How Much Do You Need To Be "Wealthy" In America? Here Is The Magic Number

Which, of course, is ironic, considering that money is required to do all the things list above like travel and live stress-free. You're going to be hard pressed to find anyone who can "live stress free", "afford anything they want" or "enjoy life's experiences" without having the giant wallet needed to fund all these expensive plans. But still, the American dream seems to still be in tact, at least in the minds of younger generations:


Millennials displayed some youthful optimism when it came to their financial future. Some 64 percent of twenty- and thirty-somethings believe they’ll be wealthy (the cash kind) at some point in their lives, compared with 22 percent of boomers. Maybe better financial habits will help that happen, since more millennials than boomers said they regularly rebalance their portfolio—49 percent compared with 43 percent, respectively. The same percentage of millennials and boomers, 24 percent, felt “very confident” about reaching financial goals.


This is also ironic, as we just reported weeks ago that millenials with student debt have negative net worth for the first time ever. Recall that the Young Invincibles released an update to their report“The Financial Health of Young America: Measuring Generational Declines Between Baby Boomers & Millennials”, which included a cross-generational study of the financial well-being of Millennials today versus Baby Boomers when they were in their adolescence. The update covered the economic challenges facing millennials age 25 to 34 between 2013 and 2016.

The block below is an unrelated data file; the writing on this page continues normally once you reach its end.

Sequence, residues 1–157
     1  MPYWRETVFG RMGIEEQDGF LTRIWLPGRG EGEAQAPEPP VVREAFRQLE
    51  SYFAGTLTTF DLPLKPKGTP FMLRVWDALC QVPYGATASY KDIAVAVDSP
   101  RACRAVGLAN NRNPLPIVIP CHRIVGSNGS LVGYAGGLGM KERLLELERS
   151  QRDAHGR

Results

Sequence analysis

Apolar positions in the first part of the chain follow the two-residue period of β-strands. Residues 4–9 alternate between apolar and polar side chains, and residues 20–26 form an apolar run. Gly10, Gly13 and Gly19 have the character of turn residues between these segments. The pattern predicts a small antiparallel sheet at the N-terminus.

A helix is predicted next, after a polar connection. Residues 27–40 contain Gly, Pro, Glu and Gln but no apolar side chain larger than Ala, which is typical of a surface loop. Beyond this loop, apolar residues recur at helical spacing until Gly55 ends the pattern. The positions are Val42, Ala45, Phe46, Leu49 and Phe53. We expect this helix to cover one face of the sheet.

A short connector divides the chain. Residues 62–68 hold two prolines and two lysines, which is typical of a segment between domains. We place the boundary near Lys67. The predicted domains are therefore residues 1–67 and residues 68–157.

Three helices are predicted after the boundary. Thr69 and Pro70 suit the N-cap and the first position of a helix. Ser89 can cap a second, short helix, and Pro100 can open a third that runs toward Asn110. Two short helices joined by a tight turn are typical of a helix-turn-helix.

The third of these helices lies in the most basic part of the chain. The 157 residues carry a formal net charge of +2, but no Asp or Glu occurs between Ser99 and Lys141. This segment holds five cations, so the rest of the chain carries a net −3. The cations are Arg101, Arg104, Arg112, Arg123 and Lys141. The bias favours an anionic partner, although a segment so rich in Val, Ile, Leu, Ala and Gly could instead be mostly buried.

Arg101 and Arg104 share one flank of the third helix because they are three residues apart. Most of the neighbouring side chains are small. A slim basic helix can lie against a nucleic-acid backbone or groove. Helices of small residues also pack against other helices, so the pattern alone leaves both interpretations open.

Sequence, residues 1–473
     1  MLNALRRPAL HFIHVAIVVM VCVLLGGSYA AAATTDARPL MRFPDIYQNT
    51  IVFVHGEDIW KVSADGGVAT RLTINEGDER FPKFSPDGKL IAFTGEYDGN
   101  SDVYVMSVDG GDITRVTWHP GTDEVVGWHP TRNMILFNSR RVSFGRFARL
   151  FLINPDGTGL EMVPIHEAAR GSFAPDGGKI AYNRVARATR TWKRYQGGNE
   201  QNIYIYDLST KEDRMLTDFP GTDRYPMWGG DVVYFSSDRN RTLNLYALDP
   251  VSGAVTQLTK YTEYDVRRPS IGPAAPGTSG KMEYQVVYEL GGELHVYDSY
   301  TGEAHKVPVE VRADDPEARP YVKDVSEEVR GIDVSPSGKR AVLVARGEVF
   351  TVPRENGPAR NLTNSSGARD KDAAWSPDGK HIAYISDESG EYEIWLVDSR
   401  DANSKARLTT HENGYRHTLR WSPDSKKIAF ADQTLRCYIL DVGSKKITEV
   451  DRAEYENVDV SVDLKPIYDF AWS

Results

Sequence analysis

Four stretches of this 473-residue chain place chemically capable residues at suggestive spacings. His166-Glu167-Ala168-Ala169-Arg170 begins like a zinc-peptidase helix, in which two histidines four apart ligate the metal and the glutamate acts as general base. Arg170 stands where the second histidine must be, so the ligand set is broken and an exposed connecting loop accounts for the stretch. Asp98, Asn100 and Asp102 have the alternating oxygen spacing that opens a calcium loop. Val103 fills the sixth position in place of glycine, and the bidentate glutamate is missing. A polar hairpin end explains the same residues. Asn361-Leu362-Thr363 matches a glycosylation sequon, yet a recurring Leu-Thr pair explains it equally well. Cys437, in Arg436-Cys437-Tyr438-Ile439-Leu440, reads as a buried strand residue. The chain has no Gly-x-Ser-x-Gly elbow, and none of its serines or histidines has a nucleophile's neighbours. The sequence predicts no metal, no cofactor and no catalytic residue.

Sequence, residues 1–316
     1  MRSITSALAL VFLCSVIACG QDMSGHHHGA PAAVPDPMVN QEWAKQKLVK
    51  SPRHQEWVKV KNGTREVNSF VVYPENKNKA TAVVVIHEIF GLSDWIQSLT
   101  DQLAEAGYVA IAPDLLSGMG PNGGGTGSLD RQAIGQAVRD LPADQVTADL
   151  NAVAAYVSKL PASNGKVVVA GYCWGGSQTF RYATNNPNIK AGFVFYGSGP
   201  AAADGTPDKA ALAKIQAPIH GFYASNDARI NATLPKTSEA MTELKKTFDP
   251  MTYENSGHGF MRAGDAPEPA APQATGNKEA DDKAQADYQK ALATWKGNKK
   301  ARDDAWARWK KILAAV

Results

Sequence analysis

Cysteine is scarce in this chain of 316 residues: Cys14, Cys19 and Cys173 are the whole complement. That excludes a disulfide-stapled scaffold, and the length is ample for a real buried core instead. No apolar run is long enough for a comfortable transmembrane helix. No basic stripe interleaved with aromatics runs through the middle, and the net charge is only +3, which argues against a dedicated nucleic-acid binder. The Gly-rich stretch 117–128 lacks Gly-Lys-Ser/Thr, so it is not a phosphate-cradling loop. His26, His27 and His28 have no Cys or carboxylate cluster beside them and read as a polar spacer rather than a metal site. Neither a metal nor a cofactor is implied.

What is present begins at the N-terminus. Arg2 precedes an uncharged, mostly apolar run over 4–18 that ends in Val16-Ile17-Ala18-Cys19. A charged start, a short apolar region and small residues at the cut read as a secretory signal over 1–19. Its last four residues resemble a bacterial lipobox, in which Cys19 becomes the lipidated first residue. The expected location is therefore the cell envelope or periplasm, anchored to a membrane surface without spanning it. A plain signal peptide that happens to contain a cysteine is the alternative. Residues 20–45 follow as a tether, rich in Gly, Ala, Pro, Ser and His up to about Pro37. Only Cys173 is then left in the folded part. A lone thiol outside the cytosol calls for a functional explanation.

What it found was shocking: despite the fact that this has reportedly been the second longest economic expansion/central bank-induced channel of financial capital into speculation and financialization, the update showed how the millennial generation has transformed into the lost generation, as their financial security has eroded late in the business cycle.

For the first time, young adults age 25 to 34 with college degrees and student loans have a median net wealth of negative $1,900, said the advocacy group.

So while it may be true that you don’t need to be a billionaire in order to find happiness and/or freedom for yourself, getting past a certain point of savings and wealth is certainly paramount in achieving "happiness" - regardless of how you define it.

As for most of today's youth, stuck in a negative net worth prison, the goal to reaching the "magic number" between $1.4 and $2.4 million seems virtually unachievable.

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